One manager of $800 million in money market mutual funds disagrees. ``Small customers are the people who make us big institutional investors. One thing we sell is security, peace of mind.'' This fund manager is not selling present investments in Bank of Boston commercial paper, but when the current paper matures, new paper won't be bought, says the manager. `Know your customer'
The Boston public has expressed disbelief that the biggest bank in New England did business with a well-known organized-crime family for 20 years without ever questioning it. Two real estate companies owned by the Angiulos were put on the bank's exempt list of cash-intensive businesses whose transactions need not be reported to the federal government.
When the Boston Globe, at a press conference, asked the chairman how such companies could have been put on the list, he replied: ``They [the Angiulos] were well known to some people. They weren't well known to me.'' Although the Angiulos were not reputed to be the No. 1 Boston crime family in the late '70s, when the companies were put on the list, they still made headlines in the Boston papers.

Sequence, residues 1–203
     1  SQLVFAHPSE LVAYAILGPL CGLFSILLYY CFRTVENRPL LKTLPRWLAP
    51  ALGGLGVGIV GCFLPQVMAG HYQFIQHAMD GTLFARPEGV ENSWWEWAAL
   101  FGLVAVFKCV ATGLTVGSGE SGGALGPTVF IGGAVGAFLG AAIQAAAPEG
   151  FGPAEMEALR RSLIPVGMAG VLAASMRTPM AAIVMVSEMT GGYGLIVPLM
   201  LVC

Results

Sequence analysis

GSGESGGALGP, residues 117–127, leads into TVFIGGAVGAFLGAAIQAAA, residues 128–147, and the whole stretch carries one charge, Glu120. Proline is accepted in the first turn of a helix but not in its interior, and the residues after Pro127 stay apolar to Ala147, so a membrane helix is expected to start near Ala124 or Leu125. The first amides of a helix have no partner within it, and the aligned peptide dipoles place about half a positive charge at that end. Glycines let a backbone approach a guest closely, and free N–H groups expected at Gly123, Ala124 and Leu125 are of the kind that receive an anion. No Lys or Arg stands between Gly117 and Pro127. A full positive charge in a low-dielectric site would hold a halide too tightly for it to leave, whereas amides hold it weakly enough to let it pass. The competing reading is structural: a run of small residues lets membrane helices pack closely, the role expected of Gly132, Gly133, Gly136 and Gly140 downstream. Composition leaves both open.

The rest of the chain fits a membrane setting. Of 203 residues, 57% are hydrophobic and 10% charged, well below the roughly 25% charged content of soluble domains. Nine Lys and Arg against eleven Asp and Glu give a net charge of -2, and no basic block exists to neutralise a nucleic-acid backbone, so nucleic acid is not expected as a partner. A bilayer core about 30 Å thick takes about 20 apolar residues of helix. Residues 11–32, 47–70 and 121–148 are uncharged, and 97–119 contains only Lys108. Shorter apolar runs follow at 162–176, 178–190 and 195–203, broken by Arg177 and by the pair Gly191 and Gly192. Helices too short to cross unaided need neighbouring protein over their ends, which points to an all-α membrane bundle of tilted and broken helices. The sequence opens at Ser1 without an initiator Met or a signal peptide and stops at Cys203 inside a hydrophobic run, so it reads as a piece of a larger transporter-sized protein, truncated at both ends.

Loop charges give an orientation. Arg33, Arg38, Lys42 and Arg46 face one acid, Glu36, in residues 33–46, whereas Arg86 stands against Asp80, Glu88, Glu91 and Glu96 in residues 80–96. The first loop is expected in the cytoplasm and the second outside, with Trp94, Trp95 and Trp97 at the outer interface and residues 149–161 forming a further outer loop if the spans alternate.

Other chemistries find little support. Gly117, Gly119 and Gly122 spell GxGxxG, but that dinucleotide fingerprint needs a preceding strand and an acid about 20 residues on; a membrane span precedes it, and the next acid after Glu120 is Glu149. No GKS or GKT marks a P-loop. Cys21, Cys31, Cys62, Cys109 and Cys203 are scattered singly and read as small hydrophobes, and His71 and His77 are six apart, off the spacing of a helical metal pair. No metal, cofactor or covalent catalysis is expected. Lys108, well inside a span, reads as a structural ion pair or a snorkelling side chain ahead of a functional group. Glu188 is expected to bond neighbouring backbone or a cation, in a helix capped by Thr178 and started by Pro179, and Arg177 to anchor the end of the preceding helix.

In its October 1984 report to President Reagan, the President's Commission on Organized Crime wrote, ``Every financial institution . . . should assume that it is a potential target for use by organized crime in money laundering schemes.'' The report says that customers who wish to be on a bank's ``exempt list'' should be scrutinized as carefully as if they were applying for a loan.
``Bank officials from top to bottom should be held accountable for what's publicly known, and in this day and age the identity of major organized-crime figures is generally known . . . ,'' James Harmon, executive director of the commission, told the Monitor.
Because of the publicity, this ``know your customer'' standard is now getting closer attention by banks. But bankers maintain it's not a cut-and-dried policy to apply.